In a ground-breaking legal case, supermarket chain Morrison’s was held liable for an assault on a customer that had been carried out by one of it’s employees.
The court ruled that Morrison’s was “vicariously liable” for the attack on Ahmed Mohamud in 2008. Mr Mohamud had stopped at a petrol station and asked the attendant to print some documents on a USB drive as a favour, but Mr Khan had become abusive and used a racial slur. He then followed Mr Mohamud to his car and subjected him to a “brutal attack involving punches and kicks, while Mr Mohamud was curled up on the floor of the petrol station forecourt.”
This landmark ruling potentially has far-reaching consequences, since Mr Khan’s employer agreed to pay damages – though Khan himself was sacked. It opens up all employers to the charge of vicarious liability, where they bear some responsibility for actions carried out by their employees while they are at work.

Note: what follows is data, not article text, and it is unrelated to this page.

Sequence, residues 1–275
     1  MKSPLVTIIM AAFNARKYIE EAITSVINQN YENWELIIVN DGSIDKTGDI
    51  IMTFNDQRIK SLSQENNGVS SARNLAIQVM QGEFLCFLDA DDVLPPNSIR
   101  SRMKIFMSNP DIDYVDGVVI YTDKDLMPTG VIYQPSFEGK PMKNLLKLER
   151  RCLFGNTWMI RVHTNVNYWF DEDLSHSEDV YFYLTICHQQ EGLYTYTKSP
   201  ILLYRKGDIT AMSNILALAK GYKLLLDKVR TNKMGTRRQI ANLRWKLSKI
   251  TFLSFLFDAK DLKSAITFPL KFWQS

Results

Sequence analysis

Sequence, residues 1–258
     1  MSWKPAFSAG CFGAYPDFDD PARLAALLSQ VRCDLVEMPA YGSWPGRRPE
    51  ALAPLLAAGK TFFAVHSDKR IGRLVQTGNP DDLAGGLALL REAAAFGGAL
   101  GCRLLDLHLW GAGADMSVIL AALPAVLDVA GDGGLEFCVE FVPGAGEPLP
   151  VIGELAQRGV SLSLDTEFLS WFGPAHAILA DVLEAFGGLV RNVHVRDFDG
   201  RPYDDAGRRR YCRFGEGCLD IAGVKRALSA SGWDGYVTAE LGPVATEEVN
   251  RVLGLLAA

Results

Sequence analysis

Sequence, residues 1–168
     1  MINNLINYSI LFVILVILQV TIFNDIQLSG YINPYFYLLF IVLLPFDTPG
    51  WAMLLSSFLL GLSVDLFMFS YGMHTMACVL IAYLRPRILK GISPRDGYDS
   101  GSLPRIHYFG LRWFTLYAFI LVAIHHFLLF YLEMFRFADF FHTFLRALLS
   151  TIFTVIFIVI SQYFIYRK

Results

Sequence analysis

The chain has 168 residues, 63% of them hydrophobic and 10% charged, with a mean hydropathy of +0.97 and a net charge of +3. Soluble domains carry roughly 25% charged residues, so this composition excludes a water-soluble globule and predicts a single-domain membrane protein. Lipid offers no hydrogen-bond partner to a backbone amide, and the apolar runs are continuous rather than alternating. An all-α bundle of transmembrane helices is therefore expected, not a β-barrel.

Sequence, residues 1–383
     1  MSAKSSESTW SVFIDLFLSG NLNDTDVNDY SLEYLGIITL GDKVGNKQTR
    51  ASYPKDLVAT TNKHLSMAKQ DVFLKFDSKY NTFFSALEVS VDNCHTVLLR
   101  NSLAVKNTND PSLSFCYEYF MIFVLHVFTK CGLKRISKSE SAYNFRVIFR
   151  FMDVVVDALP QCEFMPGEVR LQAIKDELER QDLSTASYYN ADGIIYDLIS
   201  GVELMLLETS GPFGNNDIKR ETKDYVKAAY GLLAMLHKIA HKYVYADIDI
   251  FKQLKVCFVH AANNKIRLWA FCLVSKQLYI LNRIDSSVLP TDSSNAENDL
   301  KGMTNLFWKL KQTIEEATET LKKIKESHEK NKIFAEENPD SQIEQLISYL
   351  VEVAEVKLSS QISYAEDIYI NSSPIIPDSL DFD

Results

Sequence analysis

The Supreme Court nuanced the existing law on vicarious liability, determining that employees who commit crimes at work are not only acting for personal reasons and are therefore not solely liable. The crux of this particular case was that the criminal actions were, broadly, connected to the employee’s work role. “In this case it was Mr Khan’s job to attend to customers and respond to their enquiries. His abusive response to Mr Mohamud was inexcusable, but interacting with customers was within the scope of his job,” one legal correspondent explained.
Mr Mohamud suffered head injuries that he said led to epilepsy. He died in 2012 from an illness not related to the attack. His family continued with the legal action following his death.
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